When you have a friend who devotes a CD to you, honoring your contribution to music, that’s respect and admiration. When that person asks you to compose something for the CD, that’s an awesome gesture. So it is with the new release called “Zigsaw: Music of Steve Lampert.” Just out earlier this month, the album is the brainchild of tenor sax player Noah Preminger (Part I – more about “Zigsaw” here).
Lampert is a trumpet player with a substantial career as a composer. Aside from his amazing collab with Noah Preminger, Lampert’s recent oeuvres include 2016’s “Rhythms of Dreams, Rhymes of Reason” (very experimental: spurts of electronica, wide, warm horns, over-enunciated spoken word, lush but brief strings, and is that an oboe in the track “Hope Ave.”?); and the 2015 CD “Zahskl’s Jukebox” (Preminger guests here), with many hyper-speed, multi-tonal tracks.
What first inspired you to compose?
As a young teenager I began to write tunes primarily under the influence of Miles Davis, John Coltrane, and the Blue Note recording artists whom I loved. Their tunes inspired me to attempt writing similarly styled tunes. Of course the music I produced in those years sounded nothing like what I’ve been presenting via recordings across the past fifteen years. Getting to the first music which I considered my own was a very slowly evolving process.
Were you always attracted to post-tonal sounds and mixed rhythms?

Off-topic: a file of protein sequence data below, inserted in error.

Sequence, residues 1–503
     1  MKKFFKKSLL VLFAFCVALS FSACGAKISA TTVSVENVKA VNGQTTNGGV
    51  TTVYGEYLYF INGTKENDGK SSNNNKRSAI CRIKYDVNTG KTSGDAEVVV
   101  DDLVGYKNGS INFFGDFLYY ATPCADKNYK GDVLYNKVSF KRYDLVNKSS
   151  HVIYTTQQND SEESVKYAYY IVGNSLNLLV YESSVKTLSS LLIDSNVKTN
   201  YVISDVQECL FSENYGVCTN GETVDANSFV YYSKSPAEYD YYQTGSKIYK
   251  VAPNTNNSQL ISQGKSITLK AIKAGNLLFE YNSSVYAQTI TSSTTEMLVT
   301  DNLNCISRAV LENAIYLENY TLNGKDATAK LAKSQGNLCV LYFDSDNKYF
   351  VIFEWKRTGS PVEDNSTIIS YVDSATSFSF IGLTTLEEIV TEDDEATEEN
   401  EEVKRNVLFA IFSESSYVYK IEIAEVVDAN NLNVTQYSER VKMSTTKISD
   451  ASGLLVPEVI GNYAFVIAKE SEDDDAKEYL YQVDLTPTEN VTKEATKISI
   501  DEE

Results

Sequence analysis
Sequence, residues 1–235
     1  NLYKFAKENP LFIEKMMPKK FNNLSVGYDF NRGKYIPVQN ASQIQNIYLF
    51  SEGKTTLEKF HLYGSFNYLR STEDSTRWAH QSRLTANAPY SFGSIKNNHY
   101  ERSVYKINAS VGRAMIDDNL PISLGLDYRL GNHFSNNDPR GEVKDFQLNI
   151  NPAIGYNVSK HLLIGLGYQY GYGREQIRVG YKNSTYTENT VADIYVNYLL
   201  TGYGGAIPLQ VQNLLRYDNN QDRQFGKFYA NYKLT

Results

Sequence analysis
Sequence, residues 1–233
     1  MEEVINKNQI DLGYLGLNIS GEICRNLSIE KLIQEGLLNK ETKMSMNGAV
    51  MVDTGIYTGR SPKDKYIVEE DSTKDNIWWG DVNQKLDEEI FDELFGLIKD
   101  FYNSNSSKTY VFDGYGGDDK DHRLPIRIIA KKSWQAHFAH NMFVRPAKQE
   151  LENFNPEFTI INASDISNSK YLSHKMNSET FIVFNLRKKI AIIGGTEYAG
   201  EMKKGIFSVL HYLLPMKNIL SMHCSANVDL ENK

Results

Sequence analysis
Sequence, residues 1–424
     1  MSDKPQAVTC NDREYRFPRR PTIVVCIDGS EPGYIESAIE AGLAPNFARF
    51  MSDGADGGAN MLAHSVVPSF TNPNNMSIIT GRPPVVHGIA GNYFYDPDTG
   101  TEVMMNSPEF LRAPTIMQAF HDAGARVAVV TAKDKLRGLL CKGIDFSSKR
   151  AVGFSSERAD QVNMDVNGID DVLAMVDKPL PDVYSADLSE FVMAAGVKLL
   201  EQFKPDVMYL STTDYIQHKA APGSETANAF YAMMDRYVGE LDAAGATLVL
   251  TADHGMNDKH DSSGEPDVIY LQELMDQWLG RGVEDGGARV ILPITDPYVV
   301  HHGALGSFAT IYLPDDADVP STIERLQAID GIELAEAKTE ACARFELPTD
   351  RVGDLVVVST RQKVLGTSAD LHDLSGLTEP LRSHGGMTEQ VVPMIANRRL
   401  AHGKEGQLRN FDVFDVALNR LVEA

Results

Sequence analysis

Yes. I was open to it as a child. From the age of nine I was admiring and closely following the ever-evolving work of Miles, Coltrane, and other searching improvisors. By my early teens I was also listening to Stravinsky, Ives, Stockhausen and other 20th century composers. I found the pitch materials, rhythmic materials, ensemble interactions, textures, styles, etc. of contemporary musical expression endlessly fascinating and expressive.
Why is trumpet your instrument of choice?
I first fell in love with the trumpet upon hearing Louis Armstrong when I was five years old. I began to study the trumpet at age nine – the same year in which I first heard Miles Davis. The impact of those two players was more than enough to make the trumpet my instrument of choice. Beginning as a teen I was blessed to hear Miles, Dizzy, Kenny Dorham, Lee Morgan, Freddie Hubbard, Woody Shaw and most of the other great trumpeters of the era in clubs and concert halls which is to say I had no lack of continuing inspiration.
Do you consider yourself a composer primarily?
I certainly spend far more time writing music than playing the trumpet but I primarily consider myself a life-long student of music who aspires to contribute original work which speaks of existence in musically meaningful ways.
Listeners used to more traditional (even contemporary) jazz might not know how to experience this music. What would you say to them?
Perhaps it would help to let go of the word “jazz” along with the boundaries and stylistic tendencies which the word implies to the listener in question.
I find it helpful to come to music without expectations of what it should be. Framing a piece of music within pre-existing labels and concepts often focuses a listener on what the music should be rather than what the music is. I find such an approach deadening and prefer to experience music on its own terms.